Eindhoven: City of Light

November 2021Written by – Willem van Hoorn

When this blog post is published, we are in the middle of the Glow festival (November 6th through 13th). In case you haven’t heard of it before, Glow is an annual festival, during which the city of Eindhoven invites artists from all over the world, ‘to do something with light’. This is the 16th edition of Glow, and the leading theme this year is ‘Moved by Light’.

The combination of Eindhoven on the one hand, and ‘Light’ on the other is no coincidence. Eindhoven has in common with the French capital Paris that they are both called ‘the city of light’. So, on the occasion of Glow, let me shine a little light on Eindhoven and on its history.

If you go back just a little over a hundred years in time, what we now know as ‘Eindhoven’ consisted of 5 villages plus the small city of Eindhoven in the midst of them. Industrial activities at the time centered around tobacco (cigars) and textiles. This part of Brabant was favorable for these sort of industries. Cigar making, for instance, was all manual labor, back then, so very labor intensive. Brabant was a roman Catholic part of the country, and that came with comparatively large families. Of old all farmers sons and daughters were needed to keep the little farms going, but when the mechanization of agriculture started that was no longer the case. The result: a lot of unemployment, meaning: cheap labor.

It was the foundation of the light bulb factory of Philips (initially manual labor!), followed by its rapid expansion into what we now know as Philips Industries, together with the coming and growth of DAF Trucks that spurred an enormous growth of the population. Since the locally available work force soon could not deliver all the hands that were needed, the companies started attracting thousands of workers from further away. Those workers needed to live somewhere, with a massive building of houses as a result.

As the City of Eindhoven was still confined to its medieval limits at the time, these developments called for radical changes in administration. In 1920, the five villages of Woensel, Tongelre, Stratum, Gestel & Blaarthem, and Strijp were incorporated into the new Groot-Eindhoven (“Greater Eindhoven”) municipality. The prefix “Groot-” was soon dropped.

After the incorporation of 1920, the five former municipalities became districts of the municipality of Eindhoven, with Eindhoven-Centrum (the City proper) forming the sixth. Right after the incorporation the number of inhabitants was just under 48.000, compared to over 235.000 now. Almost a five-fold growth in one hundred years.

City of light
Obviously the lightbulb factory of the brothers Anton and Gerard Philips was more than happy to advertise the title ‘City of Light’ for Eindhoven, the home base of their rapidly expanding light bulb factory. But the title is actually older than Philips Industries. From the second half of the 19th century onwards Eindhoven had a thriving match making industry.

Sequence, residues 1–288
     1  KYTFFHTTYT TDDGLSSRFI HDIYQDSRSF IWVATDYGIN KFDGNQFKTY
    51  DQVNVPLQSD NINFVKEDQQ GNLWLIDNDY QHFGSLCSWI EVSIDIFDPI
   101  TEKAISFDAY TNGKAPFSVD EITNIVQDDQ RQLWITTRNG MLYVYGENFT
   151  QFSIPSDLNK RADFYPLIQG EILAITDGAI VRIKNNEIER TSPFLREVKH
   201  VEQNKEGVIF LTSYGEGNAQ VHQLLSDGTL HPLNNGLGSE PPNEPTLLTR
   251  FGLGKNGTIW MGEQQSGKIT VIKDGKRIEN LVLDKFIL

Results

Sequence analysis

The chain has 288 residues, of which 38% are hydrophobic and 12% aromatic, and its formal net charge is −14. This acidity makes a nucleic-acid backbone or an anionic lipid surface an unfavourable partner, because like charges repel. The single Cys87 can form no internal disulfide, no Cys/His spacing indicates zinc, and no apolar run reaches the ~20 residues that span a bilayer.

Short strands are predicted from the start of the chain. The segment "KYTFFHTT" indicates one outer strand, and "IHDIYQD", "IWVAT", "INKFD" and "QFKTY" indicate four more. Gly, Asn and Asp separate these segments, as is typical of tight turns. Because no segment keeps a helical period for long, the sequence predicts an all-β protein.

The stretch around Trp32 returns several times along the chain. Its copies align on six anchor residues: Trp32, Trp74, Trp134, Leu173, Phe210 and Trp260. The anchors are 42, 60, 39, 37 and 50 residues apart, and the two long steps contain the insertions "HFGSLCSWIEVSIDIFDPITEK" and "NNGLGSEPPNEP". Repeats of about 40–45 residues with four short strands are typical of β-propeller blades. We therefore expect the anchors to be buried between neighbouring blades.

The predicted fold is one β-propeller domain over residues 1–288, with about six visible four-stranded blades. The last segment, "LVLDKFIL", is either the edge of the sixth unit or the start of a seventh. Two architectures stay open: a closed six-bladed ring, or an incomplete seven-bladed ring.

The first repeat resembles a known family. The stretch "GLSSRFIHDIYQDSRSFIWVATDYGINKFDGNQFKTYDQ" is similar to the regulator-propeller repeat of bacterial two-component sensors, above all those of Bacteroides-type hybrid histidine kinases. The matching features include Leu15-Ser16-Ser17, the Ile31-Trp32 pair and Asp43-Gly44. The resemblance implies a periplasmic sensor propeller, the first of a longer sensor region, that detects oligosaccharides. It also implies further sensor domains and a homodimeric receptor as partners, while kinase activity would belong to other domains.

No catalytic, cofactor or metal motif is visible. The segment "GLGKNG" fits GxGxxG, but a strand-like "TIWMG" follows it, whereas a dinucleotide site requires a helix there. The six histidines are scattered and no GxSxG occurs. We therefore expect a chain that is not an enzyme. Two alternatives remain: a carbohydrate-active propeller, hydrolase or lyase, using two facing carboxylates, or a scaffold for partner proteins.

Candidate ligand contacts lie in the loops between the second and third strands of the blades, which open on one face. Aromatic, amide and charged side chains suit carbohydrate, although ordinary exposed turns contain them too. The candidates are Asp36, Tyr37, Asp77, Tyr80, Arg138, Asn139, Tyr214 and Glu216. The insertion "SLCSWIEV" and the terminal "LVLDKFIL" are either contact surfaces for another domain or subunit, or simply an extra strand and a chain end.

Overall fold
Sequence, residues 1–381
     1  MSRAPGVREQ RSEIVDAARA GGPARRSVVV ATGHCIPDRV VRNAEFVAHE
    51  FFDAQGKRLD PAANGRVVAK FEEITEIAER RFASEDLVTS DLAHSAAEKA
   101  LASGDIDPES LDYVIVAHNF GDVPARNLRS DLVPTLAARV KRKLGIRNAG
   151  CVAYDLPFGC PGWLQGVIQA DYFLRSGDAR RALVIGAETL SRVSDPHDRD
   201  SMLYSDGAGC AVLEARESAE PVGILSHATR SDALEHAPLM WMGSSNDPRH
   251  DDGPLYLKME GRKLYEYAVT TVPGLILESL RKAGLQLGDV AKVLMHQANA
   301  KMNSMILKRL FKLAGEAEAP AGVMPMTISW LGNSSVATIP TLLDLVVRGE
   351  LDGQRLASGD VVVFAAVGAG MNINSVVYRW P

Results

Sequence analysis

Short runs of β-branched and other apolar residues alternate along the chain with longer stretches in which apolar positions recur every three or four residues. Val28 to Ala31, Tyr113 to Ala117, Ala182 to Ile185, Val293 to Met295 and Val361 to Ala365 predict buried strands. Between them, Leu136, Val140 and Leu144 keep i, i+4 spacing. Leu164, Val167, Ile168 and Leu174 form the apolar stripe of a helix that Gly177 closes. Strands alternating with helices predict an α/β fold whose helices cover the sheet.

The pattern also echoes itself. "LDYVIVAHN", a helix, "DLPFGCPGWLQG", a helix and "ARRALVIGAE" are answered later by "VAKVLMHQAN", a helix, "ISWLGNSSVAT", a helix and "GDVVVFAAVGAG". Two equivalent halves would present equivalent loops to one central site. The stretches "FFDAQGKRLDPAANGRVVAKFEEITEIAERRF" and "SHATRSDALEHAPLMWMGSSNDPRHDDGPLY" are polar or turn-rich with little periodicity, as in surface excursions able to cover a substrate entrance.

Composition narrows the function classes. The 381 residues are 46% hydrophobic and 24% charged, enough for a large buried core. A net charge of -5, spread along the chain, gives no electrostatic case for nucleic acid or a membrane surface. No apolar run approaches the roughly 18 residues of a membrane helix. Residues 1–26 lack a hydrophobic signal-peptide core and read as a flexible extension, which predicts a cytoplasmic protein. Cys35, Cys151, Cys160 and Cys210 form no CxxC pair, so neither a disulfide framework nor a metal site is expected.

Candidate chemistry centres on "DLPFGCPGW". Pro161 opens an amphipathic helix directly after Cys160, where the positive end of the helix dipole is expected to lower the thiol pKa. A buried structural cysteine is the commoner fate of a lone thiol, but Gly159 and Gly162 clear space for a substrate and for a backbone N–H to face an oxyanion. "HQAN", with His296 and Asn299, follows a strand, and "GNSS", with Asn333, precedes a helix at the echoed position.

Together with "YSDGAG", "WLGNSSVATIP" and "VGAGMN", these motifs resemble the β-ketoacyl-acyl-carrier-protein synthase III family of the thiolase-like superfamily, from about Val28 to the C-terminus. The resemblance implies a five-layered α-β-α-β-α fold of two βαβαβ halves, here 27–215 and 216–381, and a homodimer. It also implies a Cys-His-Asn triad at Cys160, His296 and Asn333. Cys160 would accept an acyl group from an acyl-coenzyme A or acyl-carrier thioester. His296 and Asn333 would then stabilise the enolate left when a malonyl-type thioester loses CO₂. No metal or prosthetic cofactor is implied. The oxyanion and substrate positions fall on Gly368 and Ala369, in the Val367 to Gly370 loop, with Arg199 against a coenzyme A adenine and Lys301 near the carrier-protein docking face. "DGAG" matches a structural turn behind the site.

The match factories found a favorable environment here, due to a combination of the existing cigar making industry and the presence of a lot of trees nearby that offered the right sort of wood for matches. And it was the match industry that had already delivered the honorary title of ‘City of Light’ to Eindhoven.

Eindhoven has not only grown rapidly in the number of inhabitants. It has also grown ever stronger into its current role as the beating heart of the Brainport region. It’s relatively small size notwithstanding, it has become one of the world’s leading capitals of technology, innovation and design.

So, if you take your Glow tour(s) this week, you’ll have the opportunity to submerge yourself wholly into this true city of light. Enjoy!

The website of the Glow festival 2021 can be found here. If you want to delve deeper into the history of Eindhoven, you can start with the Wikipedia page of the city. And the Historical Atlas of Eindhoven will make an excellent follow-up of that. I’m sure it can be bought online, but let me make a case here for the local bookstores in town.

Willem van Hoorn

Willem van Hoorn

He works as a Policy Advisor Internationalization at Eindhoven University of Technology. He has been leading several projects and initiatives in the Brainport region to achieve integration and internationalization. When he’s not reading or writing, Willem is often brainstorming for innovative ideas, connecting with others, or bicycling towards the coast.

He is an exceptional Dutch Culture Expert and Storyteller!

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We Are Not Alone Campaign, is presented in collaboration with Expat Spouses Initiative – Eindhoven, LIVING IN, Holland Expat Center & Brainport Eindhoven. Through this campaign, we aim to bring the International community together and engage them actively.


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